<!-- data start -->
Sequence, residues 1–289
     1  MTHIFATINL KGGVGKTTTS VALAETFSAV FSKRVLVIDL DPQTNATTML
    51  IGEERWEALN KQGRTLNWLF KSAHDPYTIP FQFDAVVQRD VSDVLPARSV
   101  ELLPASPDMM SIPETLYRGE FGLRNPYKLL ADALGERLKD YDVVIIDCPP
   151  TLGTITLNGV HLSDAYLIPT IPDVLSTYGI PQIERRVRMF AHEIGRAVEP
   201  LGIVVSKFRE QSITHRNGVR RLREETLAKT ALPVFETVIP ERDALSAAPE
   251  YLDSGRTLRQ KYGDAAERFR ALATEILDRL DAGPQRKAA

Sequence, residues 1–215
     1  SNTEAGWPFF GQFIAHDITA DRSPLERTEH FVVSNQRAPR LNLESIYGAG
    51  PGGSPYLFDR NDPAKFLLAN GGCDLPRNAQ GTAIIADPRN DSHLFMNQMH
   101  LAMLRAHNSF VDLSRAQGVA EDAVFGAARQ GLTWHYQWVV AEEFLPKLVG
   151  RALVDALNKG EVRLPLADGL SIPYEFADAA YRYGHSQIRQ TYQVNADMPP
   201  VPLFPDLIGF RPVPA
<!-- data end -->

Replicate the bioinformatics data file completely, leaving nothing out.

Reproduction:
Sequence, residues 1–289
     1  MTHIFATINL KGGVGKTTTS VALAETFSAV FSKRVLVIDL DPQTNATTML
    51  IGEERWEALN KQGRTLNWLF KSAHDPYTIP FQFDAVVQRD VSDVLPARSV
   101  ELLPASPDMM SIPETLYRGE FGLRNPYKLL ADALGERLKD YDVVIIDCPP
   151  TLGTITLNGV HLSDAYLIPT IPDVLSTYGI PQIERRVRMF AHEIGRAVEP
   201  LGIVVSKFRE QSITHRNGVR RLREETLAKT ALPVFETVIP ERDALSAAPE
   251  YLDSGRTLRQ KYGDAAERFR ALATEILDRL DAGPQRKAA

Sequence, residues 1–215
     1  SNTEAGWPFF GQFIAHDITA DRSPLERTEH FVVSNQRAPR LNLESIYGAG
    51  PGGSPYLFDR NDPAKFLLAN GGCDLPRNAQ GTAIIADPRN DSHLFMNQMH
   101  LAMLRAHNSF VDLSRAQGVA EDAVFGAARQ GLTWHYQWVV AEEFLPKLVG
   151  RALVDALNKG EVRLPLADGL SIPYEFADAA YRYGHSQIRQ TYQVNADMPP
   201  VPLFPDLIGF RPVPA